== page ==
With less than a minute to go, a combination of glitches Friday forced NASA to postpone the shuttle Atlantis' launch until Monday at the earliest, delaying the crew's plans to fire a science probe to Venus.
"It just wasn't our day," said launch director Robert Sieck, who added that getting Atlantis ready in time for a second launch try Monday "would be optimistic."The countdown for the year's second shuttle launch, running five minutes late because of trouble with a ground computer, was ticking smoothly toward zero when a problem with main engine No. 1 triggered an interruption a scant 31 seconds before the planned 12:29 p.m. MDT blastoff.
With countdown clocks at the Kennedy Space Center frozen on "-0:00:00:31," a technician radioed launch director Robert Sieck: "We're out of `engine ready."' A few minutes later, NASA spokesman Hugh Harris said launch was delayed for the day.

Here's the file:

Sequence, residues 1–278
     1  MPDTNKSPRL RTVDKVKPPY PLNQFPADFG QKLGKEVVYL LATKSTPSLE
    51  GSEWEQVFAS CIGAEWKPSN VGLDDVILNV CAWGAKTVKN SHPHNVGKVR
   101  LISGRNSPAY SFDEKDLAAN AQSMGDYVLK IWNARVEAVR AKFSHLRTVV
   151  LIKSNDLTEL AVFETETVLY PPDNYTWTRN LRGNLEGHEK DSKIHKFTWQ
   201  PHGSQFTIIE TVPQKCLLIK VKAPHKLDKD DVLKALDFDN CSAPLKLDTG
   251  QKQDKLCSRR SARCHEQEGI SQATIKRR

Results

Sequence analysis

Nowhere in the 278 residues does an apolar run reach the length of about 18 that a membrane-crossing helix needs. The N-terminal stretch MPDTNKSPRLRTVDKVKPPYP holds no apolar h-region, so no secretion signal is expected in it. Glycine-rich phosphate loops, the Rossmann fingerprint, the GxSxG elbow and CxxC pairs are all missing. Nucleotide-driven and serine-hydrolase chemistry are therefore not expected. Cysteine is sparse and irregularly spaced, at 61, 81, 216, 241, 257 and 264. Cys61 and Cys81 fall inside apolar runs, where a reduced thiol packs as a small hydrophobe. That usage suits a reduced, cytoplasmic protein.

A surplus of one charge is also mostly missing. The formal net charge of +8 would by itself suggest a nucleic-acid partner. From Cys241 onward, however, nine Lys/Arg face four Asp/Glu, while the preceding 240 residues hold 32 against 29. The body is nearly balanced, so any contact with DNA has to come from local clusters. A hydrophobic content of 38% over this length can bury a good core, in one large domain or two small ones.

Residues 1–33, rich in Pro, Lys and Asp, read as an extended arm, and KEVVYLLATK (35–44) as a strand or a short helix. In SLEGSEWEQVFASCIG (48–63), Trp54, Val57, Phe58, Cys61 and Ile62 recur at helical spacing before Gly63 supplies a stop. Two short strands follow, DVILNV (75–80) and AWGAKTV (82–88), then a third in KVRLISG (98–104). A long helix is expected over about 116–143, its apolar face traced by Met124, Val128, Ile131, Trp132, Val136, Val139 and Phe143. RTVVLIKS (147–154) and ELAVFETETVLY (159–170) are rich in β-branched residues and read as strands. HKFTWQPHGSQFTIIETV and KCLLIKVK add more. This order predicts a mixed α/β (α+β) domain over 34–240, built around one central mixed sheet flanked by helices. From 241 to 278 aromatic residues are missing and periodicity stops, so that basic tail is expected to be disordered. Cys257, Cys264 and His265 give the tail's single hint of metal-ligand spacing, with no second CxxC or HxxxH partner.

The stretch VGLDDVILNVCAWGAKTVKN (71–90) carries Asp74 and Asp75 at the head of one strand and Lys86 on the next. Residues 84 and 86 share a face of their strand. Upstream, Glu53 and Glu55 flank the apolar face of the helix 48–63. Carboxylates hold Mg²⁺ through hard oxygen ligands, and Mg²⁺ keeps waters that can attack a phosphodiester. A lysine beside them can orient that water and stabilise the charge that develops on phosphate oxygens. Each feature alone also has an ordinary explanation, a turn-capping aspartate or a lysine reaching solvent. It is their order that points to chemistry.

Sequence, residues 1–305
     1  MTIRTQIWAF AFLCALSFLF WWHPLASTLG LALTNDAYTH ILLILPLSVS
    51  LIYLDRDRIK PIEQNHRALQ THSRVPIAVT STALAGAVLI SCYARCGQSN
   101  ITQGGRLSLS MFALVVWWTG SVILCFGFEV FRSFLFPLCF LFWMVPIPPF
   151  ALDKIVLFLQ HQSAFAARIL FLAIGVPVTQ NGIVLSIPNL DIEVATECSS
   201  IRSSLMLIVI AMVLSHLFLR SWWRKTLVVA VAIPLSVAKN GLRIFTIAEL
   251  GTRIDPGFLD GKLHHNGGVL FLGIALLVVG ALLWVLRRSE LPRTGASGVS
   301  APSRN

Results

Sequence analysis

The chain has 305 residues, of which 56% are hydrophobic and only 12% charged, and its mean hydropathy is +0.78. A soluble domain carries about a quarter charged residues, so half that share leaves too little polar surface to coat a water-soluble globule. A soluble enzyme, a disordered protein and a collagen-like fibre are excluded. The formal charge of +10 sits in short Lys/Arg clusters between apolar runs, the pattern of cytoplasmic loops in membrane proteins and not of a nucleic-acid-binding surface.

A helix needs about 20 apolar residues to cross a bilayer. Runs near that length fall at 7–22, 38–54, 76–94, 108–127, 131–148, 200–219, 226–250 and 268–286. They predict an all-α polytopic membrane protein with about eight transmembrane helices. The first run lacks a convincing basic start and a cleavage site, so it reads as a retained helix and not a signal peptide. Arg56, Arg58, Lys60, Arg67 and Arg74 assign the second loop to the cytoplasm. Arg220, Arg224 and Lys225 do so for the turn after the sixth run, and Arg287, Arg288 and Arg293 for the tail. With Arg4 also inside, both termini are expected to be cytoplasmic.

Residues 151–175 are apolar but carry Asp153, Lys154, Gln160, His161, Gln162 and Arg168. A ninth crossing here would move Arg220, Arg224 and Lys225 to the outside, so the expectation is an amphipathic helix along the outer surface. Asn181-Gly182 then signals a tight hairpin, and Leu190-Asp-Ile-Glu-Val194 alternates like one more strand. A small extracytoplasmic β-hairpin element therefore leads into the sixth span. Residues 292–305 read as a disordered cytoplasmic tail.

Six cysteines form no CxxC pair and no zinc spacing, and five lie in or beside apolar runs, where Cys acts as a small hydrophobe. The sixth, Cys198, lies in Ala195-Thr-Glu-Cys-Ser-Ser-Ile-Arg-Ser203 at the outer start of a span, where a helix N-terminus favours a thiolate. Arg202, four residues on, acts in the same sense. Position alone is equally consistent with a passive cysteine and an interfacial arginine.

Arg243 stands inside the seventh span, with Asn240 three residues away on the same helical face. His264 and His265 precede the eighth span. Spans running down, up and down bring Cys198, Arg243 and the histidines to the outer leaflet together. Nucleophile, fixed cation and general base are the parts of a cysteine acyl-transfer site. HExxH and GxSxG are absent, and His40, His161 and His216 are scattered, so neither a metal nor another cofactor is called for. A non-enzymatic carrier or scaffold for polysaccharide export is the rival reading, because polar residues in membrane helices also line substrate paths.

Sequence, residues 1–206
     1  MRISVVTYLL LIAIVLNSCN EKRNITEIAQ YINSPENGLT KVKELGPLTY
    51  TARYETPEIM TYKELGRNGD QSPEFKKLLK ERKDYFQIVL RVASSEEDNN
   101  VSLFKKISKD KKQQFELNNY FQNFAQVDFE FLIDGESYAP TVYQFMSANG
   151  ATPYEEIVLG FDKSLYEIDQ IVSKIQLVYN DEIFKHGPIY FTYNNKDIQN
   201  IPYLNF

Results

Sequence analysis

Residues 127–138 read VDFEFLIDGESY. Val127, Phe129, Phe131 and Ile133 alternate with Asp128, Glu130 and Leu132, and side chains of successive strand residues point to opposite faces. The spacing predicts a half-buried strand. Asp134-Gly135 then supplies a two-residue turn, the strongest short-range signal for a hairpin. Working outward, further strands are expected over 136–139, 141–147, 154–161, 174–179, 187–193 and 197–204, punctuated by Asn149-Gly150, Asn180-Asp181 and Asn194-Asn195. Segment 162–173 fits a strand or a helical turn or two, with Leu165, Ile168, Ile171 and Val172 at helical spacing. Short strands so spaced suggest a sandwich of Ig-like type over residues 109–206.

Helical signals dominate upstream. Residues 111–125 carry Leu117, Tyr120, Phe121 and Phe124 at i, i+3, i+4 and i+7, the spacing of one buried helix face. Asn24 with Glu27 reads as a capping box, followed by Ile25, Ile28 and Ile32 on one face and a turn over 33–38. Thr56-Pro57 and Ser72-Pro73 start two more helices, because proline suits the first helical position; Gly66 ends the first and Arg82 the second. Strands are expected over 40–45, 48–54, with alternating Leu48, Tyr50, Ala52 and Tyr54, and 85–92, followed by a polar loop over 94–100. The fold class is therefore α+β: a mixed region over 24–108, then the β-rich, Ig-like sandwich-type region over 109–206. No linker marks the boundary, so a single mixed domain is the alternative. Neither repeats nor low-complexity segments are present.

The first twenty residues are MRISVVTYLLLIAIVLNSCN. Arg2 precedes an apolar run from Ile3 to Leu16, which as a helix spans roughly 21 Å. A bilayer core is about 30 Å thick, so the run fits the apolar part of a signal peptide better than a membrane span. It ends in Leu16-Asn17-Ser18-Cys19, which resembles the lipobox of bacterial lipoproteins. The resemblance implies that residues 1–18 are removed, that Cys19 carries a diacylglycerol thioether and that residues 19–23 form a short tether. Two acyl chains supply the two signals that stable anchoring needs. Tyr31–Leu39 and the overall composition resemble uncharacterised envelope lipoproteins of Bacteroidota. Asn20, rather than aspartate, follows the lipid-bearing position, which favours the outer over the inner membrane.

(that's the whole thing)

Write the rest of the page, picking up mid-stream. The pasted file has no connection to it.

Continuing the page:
It was a frustrating disappointment for Atlantis commander David Walker, 44, co-pilot Ronald Grabe, 43, Mary Cleave, 42, Mark Lee, 36, and Norman Thagard, 45, who climbed out of the shuttle about an hour after the launch scrub, smiling and chatting with technicians.
If Atlantis is cleared for a Monday launch try, liftoff would be scheduled for 12:07 p.m. MDT. The launch opportunity would end 43 minutes later at 12:50 p.m. The weather outlook for Monday calls for increasing cloudiness, "but right now, it certainly wouldn't be any cause for concern," Sieck said.
The goal of the flight is the launch of the 9,337-pound Magellan Venus radar mapping probe.